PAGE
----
News Section: Business and Financial
Do You Psyche Yourself Out as an Investor?
One of the most fundamental pieces of investment advice is “buy low and sell high” – a concept that is very easy to understand and agree with, but often much harder to live by. Especially in uncertain market environments like we have seen recently, the rational implementation of this strategy goes against every instinct and emotion a normal person has. Our Wealth Management Insights brief for June is designed to help you understand what motivates poor investment decisions so you can avoid them when working with your Financial Advisor.
What You Should Know:
1. Fear is a powerful motivator.
There have been many unknowns weighing on investors’ minds in recent years, including the sustainability of the U.S. economic recovery, how the European debt crisis may impact global markets and what the outcome of this year’s presidential election might mean for U.S. monetary and fiscal policies. These lingering uncertainties drove persistent, wild market volatility in 2011 and remain concerns for investors today.
- The natural impulse when a stock goes down is to sell, as many did in August of 2011 when the Dow dropped by hundreds of points on several different days.
- Those who reallocated their portfolios away from equities or exited the market entirely missed out on the bull run that brought the Dow back above 13,000 by March.
- Absent fundamental shifts in the investment environment, fluctuations could be viewed as tactical opportunities for investors with a nimble strategy and flexibility in a portion of their asset allocation.
2. Doing nothing is not an option.
Fear of the unknown doesn’t just drive poor sell decisions or overly defensive reallocations. In some cases, it can completely paralyze an investor.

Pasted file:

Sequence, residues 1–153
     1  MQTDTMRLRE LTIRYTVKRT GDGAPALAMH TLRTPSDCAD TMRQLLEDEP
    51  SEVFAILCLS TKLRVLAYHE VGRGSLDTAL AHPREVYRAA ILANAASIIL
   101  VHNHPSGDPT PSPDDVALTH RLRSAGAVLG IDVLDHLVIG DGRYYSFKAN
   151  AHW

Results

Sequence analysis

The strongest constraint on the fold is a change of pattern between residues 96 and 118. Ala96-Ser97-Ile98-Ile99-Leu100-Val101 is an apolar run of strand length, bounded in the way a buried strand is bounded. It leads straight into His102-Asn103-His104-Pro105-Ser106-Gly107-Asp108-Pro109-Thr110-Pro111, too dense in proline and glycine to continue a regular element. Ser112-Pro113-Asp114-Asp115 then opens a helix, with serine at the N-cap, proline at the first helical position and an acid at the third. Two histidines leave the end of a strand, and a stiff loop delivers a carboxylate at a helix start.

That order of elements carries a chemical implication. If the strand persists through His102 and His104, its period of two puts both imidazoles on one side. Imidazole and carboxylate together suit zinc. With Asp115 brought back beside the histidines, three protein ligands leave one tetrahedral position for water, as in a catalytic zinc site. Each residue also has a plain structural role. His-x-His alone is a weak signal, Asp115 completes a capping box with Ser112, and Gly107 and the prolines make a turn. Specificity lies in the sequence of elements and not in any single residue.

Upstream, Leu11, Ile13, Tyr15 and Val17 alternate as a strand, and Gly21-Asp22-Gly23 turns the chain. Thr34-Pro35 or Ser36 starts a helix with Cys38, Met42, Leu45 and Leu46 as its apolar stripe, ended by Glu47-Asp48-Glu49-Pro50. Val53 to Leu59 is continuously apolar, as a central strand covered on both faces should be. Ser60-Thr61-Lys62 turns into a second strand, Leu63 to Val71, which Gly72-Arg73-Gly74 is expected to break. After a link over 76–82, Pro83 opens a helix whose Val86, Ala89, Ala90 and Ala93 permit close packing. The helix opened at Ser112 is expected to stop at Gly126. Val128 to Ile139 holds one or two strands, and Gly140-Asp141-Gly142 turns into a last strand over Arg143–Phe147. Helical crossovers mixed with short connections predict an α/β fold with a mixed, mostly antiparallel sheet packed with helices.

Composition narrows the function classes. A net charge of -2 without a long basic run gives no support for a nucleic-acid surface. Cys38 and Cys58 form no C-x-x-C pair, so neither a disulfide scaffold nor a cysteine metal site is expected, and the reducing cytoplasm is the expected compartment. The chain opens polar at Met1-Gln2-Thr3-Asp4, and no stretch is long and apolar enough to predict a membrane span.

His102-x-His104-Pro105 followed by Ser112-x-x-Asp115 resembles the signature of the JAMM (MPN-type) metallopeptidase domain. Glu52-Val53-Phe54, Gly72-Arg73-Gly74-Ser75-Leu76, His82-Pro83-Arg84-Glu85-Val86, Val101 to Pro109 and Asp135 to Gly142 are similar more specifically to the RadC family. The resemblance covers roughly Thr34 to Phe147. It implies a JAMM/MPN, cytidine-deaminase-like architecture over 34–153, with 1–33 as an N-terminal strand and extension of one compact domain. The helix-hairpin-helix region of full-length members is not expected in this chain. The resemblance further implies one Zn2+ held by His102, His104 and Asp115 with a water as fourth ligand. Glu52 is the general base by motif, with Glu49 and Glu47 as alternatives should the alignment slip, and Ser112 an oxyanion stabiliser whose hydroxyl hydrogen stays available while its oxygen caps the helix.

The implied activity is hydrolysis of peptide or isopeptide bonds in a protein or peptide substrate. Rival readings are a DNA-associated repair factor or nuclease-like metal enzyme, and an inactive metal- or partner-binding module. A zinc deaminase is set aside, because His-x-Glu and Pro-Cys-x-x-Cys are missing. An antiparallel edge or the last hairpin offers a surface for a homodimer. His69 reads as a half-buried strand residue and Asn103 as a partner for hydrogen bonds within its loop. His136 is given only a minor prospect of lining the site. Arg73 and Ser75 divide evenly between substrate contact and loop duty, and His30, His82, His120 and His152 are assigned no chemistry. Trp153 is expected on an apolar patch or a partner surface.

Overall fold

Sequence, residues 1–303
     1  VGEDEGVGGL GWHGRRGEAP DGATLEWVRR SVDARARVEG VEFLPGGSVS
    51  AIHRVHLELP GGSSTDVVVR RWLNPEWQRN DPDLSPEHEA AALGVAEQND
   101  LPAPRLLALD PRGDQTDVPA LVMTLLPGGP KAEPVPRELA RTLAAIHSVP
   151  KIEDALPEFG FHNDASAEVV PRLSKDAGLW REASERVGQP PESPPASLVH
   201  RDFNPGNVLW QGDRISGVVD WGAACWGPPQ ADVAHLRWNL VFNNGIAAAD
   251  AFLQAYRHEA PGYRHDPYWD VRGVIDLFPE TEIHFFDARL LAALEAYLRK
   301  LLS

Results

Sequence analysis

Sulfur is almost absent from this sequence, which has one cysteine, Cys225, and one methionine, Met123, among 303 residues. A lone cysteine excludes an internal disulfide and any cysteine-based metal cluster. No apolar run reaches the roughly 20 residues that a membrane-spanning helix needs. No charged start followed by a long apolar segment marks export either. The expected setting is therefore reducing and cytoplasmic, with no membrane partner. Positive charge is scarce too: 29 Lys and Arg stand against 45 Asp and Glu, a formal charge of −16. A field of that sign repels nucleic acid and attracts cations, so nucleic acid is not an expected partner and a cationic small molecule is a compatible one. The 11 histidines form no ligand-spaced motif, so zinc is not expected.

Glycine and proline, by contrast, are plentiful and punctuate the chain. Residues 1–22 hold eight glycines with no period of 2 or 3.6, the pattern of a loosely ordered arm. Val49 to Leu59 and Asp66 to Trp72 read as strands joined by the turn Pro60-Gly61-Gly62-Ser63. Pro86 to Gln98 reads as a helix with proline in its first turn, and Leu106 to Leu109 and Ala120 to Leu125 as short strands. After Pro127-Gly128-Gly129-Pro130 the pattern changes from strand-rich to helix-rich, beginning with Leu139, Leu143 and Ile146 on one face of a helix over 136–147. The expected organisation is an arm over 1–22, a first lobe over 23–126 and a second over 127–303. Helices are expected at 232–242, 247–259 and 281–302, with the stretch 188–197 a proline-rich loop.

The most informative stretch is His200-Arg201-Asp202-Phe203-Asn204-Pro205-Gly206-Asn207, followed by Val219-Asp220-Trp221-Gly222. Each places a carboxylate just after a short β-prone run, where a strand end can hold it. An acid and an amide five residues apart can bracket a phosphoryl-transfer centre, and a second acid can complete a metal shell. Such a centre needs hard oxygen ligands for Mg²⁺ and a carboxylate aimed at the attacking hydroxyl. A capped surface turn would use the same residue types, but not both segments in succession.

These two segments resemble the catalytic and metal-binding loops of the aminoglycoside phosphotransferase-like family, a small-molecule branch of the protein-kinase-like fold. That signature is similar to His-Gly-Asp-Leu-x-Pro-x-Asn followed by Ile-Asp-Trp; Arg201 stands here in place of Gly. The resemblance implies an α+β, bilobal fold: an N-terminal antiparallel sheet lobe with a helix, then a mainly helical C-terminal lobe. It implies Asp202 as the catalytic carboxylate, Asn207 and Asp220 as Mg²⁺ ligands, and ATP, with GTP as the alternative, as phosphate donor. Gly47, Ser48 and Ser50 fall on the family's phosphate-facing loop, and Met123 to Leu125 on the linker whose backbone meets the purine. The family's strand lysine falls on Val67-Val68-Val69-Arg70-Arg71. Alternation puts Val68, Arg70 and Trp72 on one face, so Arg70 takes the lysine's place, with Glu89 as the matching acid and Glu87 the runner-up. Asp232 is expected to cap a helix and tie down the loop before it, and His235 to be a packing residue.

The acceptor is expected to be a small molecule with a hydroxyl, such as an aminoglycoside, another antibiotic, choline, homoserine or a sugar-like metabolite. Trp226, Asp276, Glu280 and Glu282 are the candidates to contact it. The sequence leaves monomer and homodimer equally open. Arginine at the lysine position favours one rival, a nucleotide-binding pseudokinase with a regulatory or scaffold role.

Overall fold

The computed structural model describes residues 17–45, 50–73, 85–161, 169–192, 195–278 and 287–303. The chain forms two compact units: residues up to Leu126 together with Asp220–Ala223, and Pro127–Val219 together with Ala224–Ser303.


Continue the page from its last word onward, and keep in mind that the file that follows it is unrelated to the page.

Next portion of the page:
- In markets that are moving frequently or rapidly, inaction can be more dangerous than making a bad short-term call.
- Many modern portfolios are constructed with a certain amount of flexibility, so that a portion of the assets can be reallocated tactically to hedge against headwinds or capitalize on upswings.
- Be careful not to become overly aggressive when trying to make up for market losses or pursuing perceived opportunities.
3. Overconfidence can be dangerous.
Certainly investor confidence as measured by most economists can give an indication of near-term market performance. But there is the danger of an individual investor being overconfident based on an incomplete analysis of an investment opportunity.
- The natural attraction one feels toward a high-performing investment or asset class can make it very easy to “buy high”, as many home owners did before the housing bubble burst in 2007.
- Past performance – especially the relatively recent past – should not be the only criterion one uses to evaluate any investment.
- The current price of an investment should be evaluated in terms of its historical mean and potential value using multiple benchmarks and reference points.
4. Perspective can help you overcome your emotions.
Keeping your long-term goals and the bigger picture in perspective can be difficult, but it is the best way to prevent the buy or sell impulses associated with daily volatility from leading you down the wrong path. Following are some important tips to keep in mind:
- Financial headlines in our 24/7 news cycle are designed to grab your attention. Before you act on the news, consider that by the time you hear them the market has almost always priced it in already.
- Don’t let abnormal, one-off events or wishful thinking dictate your investment strategy.
- Keep accurate records of why you make specific investment decisions and revisit these reasons before reversing those decisions or dramatically altering your course.
What you should do now:
Taking the time to think about a decision can be the hardest part of rational investing, but it is also the most crucial. While timing is obviously important, the success of a long-term financial plan is almost never made or broken in a single trading day. If an investment is worth considering, it is worth taking the time to discuss and evaluate with your trusted Financial Advisor.
Article provided by Robert W. Baird & Co. for Evan R. Guido, Vice President in the Sarasota office of Robert W. Baird & Co., Member SIPC. He has 15 years of financial industry experience and can be reached at 941-906-2829 or 888-366-6603.
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